Three years ago Alicia and her husband Angelo began adoption proceedings. They traveled to Guatemala to meet Sabrina when she was barely a year old, returning several times to develop a deep relationship with the little girl. They were besotted with her. In the middle of the process, adoptions in Guatemala were halted. After several months worrying that they might never see this dear little girl again, Sabrina came home to Pennsylvania in April of 2008.

Watching The BFG with my son three years ago, and seeing him discover theatre and its magic was one of the most amazing moments of my life. (I have to admit, I watched him not the show!) And now, Alicia shares Arden Children’s Theatre with her daughter.

Nothing could make me happier.

By Matthew Decker, Associate Producer

Following each performance of Peter Pan, our Children’s Theatre audience has a special opportunity to learn more about the play they’ve just seen. The cast members come back on stage and take questions from the audience. These questions (or comments) range from observant to witty to insightful to observant – and the average age of our audience is about seven.

When the Arden began producing children’s theatre twelve years ago, we knew hosting these question and answer sessions would further the experience of the young audiences. Borrowing this question and answer format from a similar program at Seattle Children’s Theatre, the children’s theatre actors answer each question truthfully, and give away ALL the secrets. If they ask a question about they way that a set piece moves, our crew will come out and show them how to move it. If they ask a question about a magic trick performed during the show, an actor will explain how it’s done.

What’s incredible to witness during these question and answer sessions is how children as audience members, more so than adults, see and hear EVERYTHING. Nothing slips by them – their imaginations are so active that they are willing to accept that, for instance, in Peter Pan, a puppet made of kitchen utensils and a mop, is actually a Lost Boy. And they want to know how this puppet made of kitchen utensils was constructed. And they’ll also be the first to tell you if they didn’t believe something that an actor did onstage OR if they thought a moment lacked in originality. Nothing will keep a play fresh and honest more than performing for an audience of children.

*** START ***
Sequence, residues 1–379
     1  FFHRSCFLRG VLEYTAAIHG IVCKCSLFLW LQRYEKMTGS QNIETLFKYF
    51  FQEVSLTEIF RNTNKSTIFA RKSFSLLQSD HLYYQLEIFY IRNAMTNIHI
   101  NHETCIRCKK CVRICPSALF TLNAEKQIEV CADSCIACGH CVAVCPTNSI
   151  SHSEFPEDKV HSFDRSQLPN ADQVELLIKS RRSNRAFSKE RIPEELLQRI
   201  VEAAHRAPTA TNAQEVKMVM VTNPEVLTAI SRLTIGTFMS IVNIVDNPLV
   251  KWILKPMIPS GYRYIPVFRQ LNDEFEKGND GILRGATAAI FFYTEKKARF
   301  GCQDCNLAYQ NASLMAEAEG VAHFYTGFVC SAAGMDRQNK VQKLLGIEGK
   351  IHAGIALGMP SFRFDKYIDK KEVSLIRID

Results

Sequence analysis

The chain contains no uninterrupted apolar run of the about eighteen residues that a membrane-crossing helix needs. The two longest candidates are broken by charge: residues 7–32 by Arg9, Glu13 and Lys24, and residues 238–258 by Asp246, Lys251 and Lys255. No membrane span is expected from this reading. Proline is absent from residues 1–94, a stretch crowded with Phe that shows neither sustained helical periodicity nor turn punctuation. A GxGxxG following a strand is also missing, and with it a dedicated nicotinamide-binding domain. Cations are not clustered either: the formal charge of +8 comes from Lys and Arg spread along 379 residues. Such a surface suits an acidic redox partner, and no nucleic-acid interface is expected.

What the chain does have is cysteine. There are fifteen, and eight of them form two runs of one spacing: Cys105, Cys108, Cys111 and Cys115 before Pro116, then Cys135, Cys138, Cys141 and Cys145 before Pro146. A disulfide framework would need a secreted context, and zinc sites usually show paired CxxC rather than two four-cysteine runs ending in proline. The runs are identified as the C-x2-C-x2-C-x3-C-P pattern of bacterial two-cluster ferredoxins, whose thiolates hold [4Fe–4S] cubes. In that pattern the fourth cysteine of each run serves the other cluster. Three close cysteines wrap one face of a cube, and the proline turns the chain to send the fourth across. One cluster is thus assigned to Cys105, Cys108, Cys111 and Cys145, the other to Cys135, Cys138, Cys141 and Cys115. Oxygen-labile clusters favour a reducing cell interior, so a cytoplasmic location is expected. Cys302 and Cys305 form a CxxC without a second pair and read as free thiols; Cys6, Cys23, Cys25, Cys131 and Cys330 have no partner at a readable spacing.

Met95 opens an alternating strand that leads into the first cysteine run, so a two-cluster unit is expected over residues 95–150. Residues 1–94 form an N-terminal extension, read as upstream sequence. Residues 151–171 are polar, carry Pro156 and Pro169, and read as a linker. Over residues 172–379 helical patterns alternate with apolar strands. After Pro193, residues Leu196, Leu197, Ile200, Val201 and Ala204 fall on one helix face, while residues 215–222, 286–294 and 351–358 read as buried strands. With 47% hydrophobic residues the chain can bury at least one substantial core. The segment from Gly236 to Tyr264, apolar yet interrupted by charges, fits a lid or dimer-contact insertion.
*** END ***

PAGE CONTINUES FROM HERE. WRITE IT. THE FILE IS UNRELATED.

Our Stage Manager, Stephanie Cook, has been recording a favorite question at each performance. I thought I’d share some of the questions with you.

“How do you get to do a play?”

“What world does the set represent?”

“When you guys are holding puppets, are you invisible?”

“What would be Peter do if nobody believed in fairies?” [Referring to the moment where Tink drinks the poison and the audience has to revive her by stating that they do believe in fairies.]

“Is Captain Hook really a mean guy?”

“Why did Wendy go to Neverland with Peter?”

“What was the hardest part to practice?”

“How long does it take Peter to get into character for each performance?”

“Why doesn’t Peter have a green hat?”

“Is the hook real or fake?”

“How did the shadows look like they were flying?”

“Why were there only 6 actors for all the different characters in the show?”

“Where was John in this play?”

“How do you not laugh at the funny parts?”

“Does Hook have a mother?”

For many of these children, seeing Peter Pan is the first time they have experienced live theatre. I feel like I am watching future theatre audiences being born right in front of my eyes. Watching their reactions to what they’ve seen, and then enhancing that experience by interacting and asking questions of the actors, is building our audiences of the future.

The Arden’s Production Manager, Courtney Riggar, filmed this video backstage during a tech rehearsal of Peter Pan. Follow her along and meet members of the Arden’s production team, learn new theatrical terms, and get the actor’s view from the Peter Pan set. And, of course, there’s a few appearances from Arden dogs!